This brings us to one of the weaknesses of Edgeworth's book. Few detailed studies have been done on other ancient poets' use of colour and although Edgeworth devotes his first chapter to examining the use of colour in various ancient authors, this examination is necessarily superficial and his generalizations about their use of colour must be treated with caution. For instance he states that the numerous colour contrasts in Catullus' Poem lxiv are just for decorative effect (pp. 11-12) but Harmon in his article 'Nostalgia for the Age of Heroes in Catullus 64' (Latomus 31 , 311-331) offers a very different view. Harmon thinks that Catullus uses colours to link episodes and reinforce themes in his poem - thus he seems to be using colour in much the same way as Virgil does in the Aeneid, although on a lesser scale. Edgeworth acknowledges Harmon's article but does not address his views.
Another limitation of Edgeworth's book seems to stem from his desire to avoid the charge of subjectivity. Edgeworth restricts himself to examining terms that denote colour and apart from a few exceptions includes only those terms which have been 'verified' by Andre in his book Etude sur les Termes de Couleur dans la Langue Latine. However colour is not as precise as that. Some colour terms also have non-chromatic meanings and can be used with little or no idea of colour. For example at IX. 548 albus appears to be used to denote a shield that is 'blank' (i.e. lacking any heraldic design) rather than 'white'. Edgeworth states that this is a non-colour use of albus (p. 68) but he still includes it in his statistics about Virgil's use of colour. Similarly the word aurum can be used to denote either colour or money. Edgeworth includes ALL the instances of aurum in the Aeneid, arguing that there is always a hint of colour when the word is used; one wonders however whether the reader is meant to gain any impression of colour from such perfunctory uses as I 349 or III 55 where aurum seems just a synonym for pecunia.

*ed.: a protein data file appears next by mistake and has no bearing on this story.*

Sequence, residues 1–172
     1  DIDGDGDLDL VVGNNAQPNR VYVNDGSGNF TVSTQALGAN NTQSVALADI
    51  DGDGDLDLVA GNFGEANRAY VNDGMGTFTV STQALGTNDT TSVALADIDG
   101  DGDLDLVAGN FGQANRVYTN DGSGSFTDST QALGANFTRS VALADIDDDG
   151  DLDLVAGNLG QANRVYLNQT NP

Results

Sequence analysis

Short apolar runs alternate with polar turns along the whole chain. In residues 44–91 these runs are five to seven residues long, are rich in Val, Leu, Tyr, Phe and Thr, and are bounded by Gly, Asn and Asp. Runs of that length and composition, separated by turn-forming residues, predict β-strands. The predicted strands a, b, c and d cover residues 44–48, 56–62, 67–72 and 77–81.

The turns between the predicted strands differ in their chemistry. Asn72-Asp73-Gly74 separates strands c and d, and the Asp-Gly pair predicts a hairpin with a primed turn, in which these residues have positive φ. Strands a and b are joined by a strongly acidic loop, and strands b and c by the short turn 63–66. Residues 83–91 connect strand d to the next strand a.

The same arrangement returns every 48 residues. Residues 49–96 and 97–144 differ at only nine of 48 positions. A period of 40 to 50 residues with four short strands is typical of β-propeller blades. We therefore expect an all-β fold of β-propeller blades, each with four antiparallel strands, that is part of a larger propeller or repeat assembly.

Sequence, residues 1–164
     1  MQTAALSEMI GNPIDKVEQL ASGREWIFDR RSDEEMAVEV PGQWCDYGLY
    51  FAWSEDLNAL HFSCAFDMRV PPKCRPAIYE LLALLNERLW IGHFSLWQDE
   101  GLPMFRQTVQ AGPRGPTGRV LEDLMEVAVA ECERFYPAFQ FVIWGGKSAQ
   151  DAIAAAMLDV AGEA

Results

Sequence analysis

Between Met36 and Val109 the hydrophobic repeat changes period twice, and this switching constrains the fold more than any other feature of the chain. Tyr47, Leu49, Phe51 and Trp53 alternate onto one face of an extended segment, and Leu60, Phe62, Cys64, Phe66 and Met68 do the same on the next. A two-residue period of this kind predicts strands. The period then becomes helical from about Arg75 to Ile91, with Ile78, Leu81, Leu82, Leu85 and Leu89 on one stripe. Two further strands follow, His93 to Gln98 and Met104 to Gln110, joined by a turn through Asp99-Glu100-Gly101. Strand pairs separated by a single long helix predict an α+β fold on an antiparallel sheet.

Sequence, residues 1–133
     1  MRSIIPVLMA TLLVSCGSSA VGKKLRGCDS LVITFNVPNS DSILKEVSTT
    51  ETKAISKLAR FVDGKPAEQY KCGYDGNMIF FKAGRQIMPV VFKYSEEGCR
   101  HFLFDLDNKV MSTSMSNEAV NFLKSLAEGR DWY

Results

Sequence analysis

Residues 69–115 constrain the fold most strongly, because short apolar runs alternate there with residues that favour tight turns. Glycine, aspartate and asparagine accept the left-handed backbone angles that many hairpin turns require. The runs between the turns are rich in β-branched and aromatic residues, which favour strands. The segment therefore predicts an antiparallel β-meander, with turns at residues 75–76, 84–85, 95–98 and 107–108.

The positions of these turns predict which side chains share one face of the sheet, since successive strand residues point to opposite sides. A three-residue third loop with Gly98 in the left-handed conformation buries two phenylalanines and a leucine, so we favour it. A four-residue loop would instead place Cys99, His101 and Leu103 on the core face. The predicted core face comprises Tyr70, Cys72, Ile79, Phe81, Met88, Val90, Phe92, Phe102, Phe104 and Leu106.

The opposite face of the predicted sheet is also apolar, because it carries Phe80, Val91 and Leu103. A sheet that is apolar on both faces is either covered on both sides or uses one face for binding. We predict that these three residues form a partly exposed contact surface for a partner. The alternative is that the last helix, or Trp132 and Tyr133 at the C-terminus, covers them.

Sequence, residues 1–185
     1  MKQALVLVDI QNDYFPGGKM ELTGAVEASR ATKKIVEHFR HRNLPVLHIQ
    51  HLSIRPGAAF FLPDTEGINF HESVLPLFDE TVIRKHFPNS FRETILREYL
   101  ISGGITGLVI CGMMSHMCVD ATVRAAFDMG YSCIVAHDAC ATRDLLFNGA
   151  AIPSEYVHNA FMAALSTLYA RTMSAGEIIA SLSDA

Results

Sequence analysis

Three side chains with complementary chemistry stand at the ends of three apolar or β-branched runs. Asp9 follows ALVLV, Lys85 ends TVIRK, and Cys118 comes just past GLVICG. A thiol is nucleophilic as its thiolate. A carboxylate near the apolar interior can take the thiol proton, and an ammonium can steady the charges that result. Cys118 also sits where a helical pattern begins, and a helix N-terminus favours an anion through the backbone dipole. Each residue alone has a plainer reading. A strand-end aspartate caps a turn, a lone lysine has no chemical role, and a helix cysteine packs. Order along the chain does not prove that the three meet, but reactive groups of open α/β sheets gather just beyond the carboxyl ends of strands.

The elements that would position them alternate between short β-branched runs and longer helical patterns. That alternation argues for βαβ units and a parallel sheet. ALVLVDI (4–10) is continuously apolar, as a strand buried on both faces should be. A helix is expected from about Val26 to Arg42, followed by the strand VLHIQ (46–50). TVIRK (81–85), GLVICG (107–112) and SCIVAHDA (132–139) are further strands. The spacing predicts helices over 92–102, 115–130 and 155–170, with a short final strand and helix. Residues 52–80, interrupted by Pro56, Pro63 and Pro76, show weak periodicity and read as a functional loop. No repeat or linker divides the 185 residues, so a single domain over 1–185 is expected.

More importantly, the fact that Edgeworth restricts himself to colour terms means that he largely ignores 'implied colour'. A colour term does not always have to be present for an impression of colour to be created in the reader's mind - objects such as blood, snow, bones, grass can be used to denote colour. Edgeworth does not list instances of implied colour which means for example that he misses Virgil's use of green and white at Book III 537-8 (when the Trojans catch sight of Italy they see white horses on the grass). Likewise he does not observe the red/white contrast at Book XII 36 (Latinus says that the streams of the Tiber are warm with blood, the plains white with bones) which contributes to the ominous tone of the red/white imagery of Lavinia's blush a little later in the text (ll. 67-9).
In spite of the limitations of this book, it is still an important contribution to making this field respectable in Classical literature. Edgeworth's book gives this area the attention it deserves; his methodical approach means that the subject is treated seriously and with consideration. Edgeworth is handicapped by the fact that very few studies of this depth or magnitude have been done on Virgil's predecessors or contempories' use of colour; such studies would enable us to place Virgil's use of colour in perspective.
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Electronic Antiquity Vol. 2 Issue 3 - October 1994 edited by Peter Toohey and Ian Worthington email@example.com ISSN 1320-3606